Stephen Dewitt is Senior Vice
President & General Manager of the Enterprise Group at Hewlett-Packard.
DeWitt was also previously CEO and President of Azul Systems and President and
CEO of Cobalt Systems. Check out his thoughts on the coming wave of cloud-based
apps and the implications for IT operations.
Q: How important will apps be in
going to live in a world defined by applications. There will be 6 billion
people online who use 30 billion devices on a 1.3-trillion sensor network.
Every automobile, trellis, winery and corn row will have sensors. With these
devices and sensors, we will conduct half a trillion e-commerce transactions
every day. Enterprises have to deliver an application portfolio for that world,
and their apps cannot be tied to devices. They have to become cloud-based and
able to be pushed to anything with glass. This reality is going to define every
aspect of IT and the human ability to tap into data. By 2020, we will talk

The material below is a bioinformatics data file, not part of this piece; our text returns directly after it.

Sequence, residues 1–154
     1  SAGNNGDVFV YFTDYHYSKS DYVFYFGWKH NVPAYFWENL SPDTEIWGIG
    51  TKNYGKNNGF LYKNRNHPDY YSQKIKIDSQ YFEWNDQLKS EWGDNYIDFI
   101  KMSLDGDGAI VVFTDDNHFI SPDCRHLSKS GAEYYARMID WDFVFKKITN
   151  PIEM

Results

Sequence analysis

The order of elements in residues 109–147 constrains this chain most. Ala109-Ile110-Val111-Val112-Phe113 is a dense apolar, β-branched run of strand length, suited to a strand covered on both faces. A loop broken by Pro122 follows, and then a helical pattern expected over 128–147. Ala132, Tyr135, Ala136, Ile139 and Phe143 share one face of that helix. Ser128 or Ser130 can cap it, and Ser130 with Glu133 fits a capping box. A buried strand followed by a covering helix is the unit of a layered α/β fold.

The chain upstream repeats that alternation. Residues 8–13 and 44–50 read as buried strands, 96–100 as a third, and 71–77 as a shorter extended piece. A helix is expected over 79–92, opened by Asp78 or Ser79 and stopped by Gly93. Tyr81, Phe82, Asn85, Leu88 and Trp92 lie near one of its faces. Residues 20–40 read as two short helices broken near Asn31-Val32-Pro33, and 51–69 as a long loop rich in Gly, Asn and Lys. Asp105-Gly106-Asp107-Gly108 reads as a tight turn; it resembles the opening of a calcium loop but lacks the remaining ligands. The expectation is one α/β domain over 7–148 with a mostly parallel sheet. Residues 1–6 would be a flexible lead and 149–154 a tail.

about our own "state” rather than our own devices.
Q: What does this mean for IT
the old world, you buy more infrastructure than you need to. In the new world, a
requirement comes in, IT drives it and the infrastructure just dances. Let me
app-centric world of 2020, businesses will have sets of characteristics and
requirements, such as global, uptime, performance, cost structure, update frequency.
IT will bring in that information and go through dev/test cycles. This step
will take place outside the company’s core infrastructure on external compute
cycles. IT will scale it, secure it, and ensure it meets compliance
requirements. Then the resulting application goes to the production team. IT
Ops takes it in, applies characteristics, and then the infrastructure will
Q: How will enterprises capture
all the info that is in those pipes?
has to become an inline function. I’ll share an example:
years ago a soft drink brand approached HP to automate the routes its delivery
trucks drive in Mexico. The company delivers to 2 million points of presence
every two weeks, dropping off palettes at supermarkets, gas stations and other
retail venues. Now, the company wants to go a step further to shape its traffic,
build a community, create apps and leverage analytics. Management wants to build
relationships with customers. They can only do that by bringing data back to
the mothership, computating what’s going on and changing course to drive conversations.
You don’t solve that with 50 new servers. The entire world in 2020 is about
do you think? Read Chapter 2: Dev Center 20/20 now and continue the
conversation at Enterprise 20/20.
for more from Stephen DeWitt when we publish Chapter 4: IT
in November 2012.